Santa's Private Reserve
The truck from the brewery to the local distributor was held up one day just for this beer. It has malt on the nose and is sweet in the start. Mid-mouth, the Chinook hops come up and say hello. Not nearly as fruity or spicy as other Christmas beers, it is more a red ale than a holiday one. Quite good.

Smoke Ale
When Jim said it was a smoked beer, there are certain expectations that enter your mind, but on the pour you realize they are not correct. This one pours orange and there is smoke from the nose all the way to the finish. There is malt presence mid-mouth. Typically, I'm not a fan of smoked beers, but I do like this one. Would go well with a double bacon cheeseburger.

At the end of the tasting, we stood up and took the Rogue Nation oath. I did this previously via the website while I was drinking a Northwestern Ale, but it was nice to do it in a crowd. Rogue, thanks again for sending Jim all this way and I do hope you make to next year's Spring Beer fest at Jungle Jim's. Also thanks for having a nice, clean website that makes deep linking easy.

And to that table that was too loud and made it hard to hear, a pox on your house. Talk about the beers guys.

Monday, October 26, 2009

Next up

I finalized the recipe for the next beer this past Saturday, but I've yet to buy the supplies. I do hope to do that this week and get Brainmuffin's Beer Kitchen going before the trick-or-treaters start showing up on Saturday. Not sure if I will go to Listermann's or Paradise.

The Rogue beer tasting at Jungle Jim's last Friday night was quite good, with the only exception being the loud talkers at a table near us. It would not have been too bad had they been talking about the beers, but they were not. I'll get my review of the beers in later this week. I was surprised how many of them had a Maibock base.

I did deliver some of the one hop ale - Cascade to some of the usual suspects, as well as a homebrewer I met. He also gave me a bottle of his latest. Not bad for a basic ale and considering that it is his second ever batch. He wants to learn more and made do this professionally. Here's to his conquest. I look forward to trading beers and ideas with him.

Thursday, October 22, 2009

Trying One Hop Ale - Cascade

I bottled this version of the one hop ale on the 17th, so it has been in the bottle about 5 days. Time to see how it is doing. This morning I put a test bottle in the fridge to enjoy in the evening. I set the bottle out on the counter for a bit to allow it to warm.

The particulars as calculated by BeerSmith:
34 IBU
4.9% ABV

It pours nice and golden, with a thick, foamy, white head. Not as clear as I had hoped, but clearer than the Crystal Ale. On the nose, the one ounce of dry hop Cascade in the secondary is quite noticeable. There are also slight hints of Crystal malt.

The drink starts with a little bit of sweetness and some hop bitterness. The bittering hops here were one ounce of Cascade, so not too much bitterness. Mid-mouth the feel is quite light and thin. Perhaps I should have used a little dextrin malt in this one. The fruitiness of the Cascade is present and so is some malt. Pause for a moment, and the hop bitterness can be detected.

The finish is a clean mix of the hop flavor and its bitterness. There is a lingering bitterness, which seems surprisingly high for this variety. The lingering does make one search for another sip.

All in all, not bad for this experiment. This is a nice session ale that is easy to drink, yet has good flavor. As would be expected with a one hopper, there does seem to be something missing, but it isn't enough to detract from the beer. I can't wait to do this same recipe with another hop. Perhaps Northern Brewery or Warrior???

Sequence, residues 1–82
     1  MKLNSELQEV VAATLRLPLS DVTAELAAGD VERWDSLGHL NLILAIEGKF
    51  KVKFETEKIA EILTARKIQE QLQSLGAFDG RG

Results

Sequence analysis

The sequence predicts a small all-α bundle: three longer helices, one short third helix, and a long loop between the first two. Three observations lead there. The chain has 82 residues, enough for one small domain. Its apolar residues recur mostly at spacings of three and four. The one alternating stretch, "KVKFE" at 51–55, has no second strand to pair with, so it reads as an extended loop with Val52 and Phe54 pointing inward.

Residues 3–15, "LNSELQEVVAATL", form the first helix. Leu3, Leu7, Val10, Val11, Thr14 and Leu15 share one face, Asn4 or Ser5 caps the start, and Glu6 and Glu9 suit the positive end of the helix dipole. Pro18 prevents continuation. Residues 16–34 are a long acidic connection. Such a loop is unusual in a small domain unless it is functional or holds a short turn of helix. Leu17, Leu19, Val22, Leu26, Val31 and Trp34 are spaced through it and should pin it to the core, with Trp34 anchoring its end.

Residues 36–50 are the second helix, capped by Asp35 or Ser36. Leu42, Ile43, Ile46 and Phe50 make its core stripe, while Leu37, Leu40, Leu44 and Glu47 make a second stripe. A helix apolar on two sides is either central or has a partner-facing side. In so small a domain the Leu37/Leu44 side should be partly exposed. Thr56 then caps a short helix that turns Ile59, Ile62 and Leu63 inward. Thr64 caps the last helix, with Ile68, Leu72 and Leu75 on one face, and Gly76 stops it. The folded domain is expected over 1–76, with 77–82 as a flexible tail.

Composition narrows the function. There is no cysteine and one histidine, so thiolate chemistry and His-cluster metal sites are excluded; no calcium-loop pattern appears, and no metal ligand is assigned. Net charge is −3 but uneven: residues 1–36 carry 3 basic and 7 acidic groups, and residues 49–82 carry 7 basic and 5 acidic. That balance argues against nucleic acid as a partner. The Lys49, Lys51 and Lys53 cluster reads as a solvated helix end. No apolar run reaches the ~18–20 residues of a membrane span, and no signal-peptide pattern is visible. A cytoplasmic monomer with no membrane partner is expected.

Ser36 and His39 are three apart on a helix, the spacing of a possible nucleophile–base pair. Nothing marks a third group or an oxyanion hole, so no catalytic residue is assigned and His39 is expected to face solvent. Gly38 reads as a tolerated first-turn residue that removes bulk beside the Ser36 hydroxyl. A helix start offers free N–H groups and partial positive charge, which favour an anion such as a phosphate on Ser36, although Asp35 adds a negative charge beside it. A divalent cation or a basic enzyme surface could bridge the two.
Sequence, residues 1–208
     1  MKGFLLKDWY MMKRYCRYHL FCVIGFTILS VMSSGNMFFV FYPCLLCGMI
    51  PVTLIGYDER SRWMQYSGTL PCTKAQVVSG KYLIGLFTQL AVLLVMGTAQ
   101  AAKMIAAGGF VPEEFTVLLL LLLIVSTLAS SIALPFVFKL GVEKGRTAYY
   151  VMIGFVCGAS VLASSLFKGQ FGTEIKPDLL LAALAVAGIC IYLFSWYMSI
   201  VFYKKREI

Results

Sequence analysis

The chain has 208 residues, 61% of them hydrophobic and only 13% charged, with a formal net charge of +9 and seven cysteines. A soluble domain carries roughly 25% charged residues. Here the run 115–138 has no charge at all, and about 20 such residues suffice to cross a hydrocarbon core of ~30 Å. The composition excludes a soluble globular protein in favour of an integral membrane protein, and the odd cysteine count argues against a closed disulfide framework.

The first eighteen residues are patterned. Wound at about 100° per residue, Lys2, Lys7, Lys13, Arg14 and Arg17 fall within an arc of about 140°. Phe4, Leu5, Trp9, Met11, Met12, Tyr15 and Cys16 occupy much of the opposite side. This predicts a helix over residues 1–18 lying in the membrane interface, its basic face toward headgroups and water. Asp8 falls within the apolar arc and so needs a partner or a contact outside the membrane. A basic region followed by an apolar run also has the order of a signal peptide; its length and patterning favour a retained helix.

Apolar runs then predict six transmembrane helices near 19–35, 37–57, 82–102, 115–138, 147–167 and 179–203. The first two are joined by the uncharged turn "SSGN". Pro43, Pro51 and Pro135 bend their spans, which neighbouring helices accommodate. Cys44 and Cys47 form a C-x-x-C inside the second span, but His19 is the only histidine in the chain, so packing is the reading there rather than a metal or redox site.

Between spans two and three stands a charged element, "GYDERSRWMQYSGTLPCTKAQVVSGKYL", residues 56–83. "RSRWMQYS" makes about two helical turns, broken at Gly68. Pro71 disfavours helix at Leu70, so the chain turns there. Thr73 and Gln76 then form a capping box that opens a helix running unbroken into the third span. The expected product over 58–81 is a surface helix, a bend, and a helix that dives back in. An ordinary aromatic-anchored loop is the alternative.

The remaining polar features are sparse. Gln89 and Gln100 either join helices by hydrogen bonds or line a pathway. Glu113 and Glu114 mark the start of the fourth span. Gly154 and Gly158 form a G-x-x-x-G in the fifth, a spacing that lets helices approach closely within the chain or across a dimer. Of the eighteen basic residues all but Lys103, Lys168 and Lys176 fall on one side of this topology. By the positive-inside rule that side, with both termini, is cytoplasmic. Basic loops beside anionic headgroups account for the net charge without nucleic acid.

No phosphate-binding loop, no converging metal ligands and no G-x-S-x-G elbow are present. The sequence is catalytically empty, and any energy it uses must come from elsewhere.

Saturday, October 3, 2009

Making one hop - Cascade

While I am waiting for the water to come to a boil from the crystal malt, here's an update on equipment. Yesterday at Listermann's, I not only purchased the supplies I needed for today's batch, I also bought a false bottom for the 10 gallon cooler and a sparger. Next I will need a sparging bucket and a 10 gallon boil kettle. An instant read thermometer would be nice too. Hopefully I will be able to acquire these over the next few months. I look forward to doing a partial mash before going all grain.

Today's recipe is quite simple, though the idea came from Mikkeller. This is the first in a series of ales using only one hop throughout. I also see it as a way to better learn what each hop does. Yes, I realize with all the varieties, this will take years, but I'm still heading down that road anyway.

With each batch, the recipe is 1 lbs of Crystal (10 L), 6.5 pounds of pale malt extract and 4 ounces of hops. Bittering will be for 60 minutes and flavor for 15. One ounce at heat off and one in the secondary. Some will be good, some not, but each will teach.

So, let's get to today's activities. I will update the blog at each stage.
  • Placed 2.5 gallons of cold water into the brew pot with 1 tsp of Gypsum. Crystal malt into a grain bag and placed in the water. Heat on and wait for water to start to boil. I placed my sanitized thermometer in to make sure I get to boiling temps before I turn the heat off.
  • Water has now started to boil. Heat off and holding bag over pot until drained. I do not squeeze the bag and will toss once drained. I have an electric stove, so waiting for the bag to drain also allows the element to cool a bit before I add the extract. Nothing like burning the extract on the bottom of the brew kettle.
  • Extract added and pot well stirred to mix the extract. Temperature dropped to 165 when I added the extract. Heat is back on and waiting for boiling to start. Will add boiling hops soon.
  • While I am waiting for the kettle to boil again, I get another pot out to sanitize the immersion chiller by boiling. This pot will hold a couple of gallons and will take quite awhile for it to start boiling. I boil the chiller for ten minutes.
  • Timer set to 60 minutes and will be started when boiling does. The timer on the stove will be used to time when the flavor hops and Irish moss go in.
  • Just dawned on me that I should perhaps be putting times on this updates. Ok, will from now on. Time are in 24 hour, Easter Daylight Time for the US.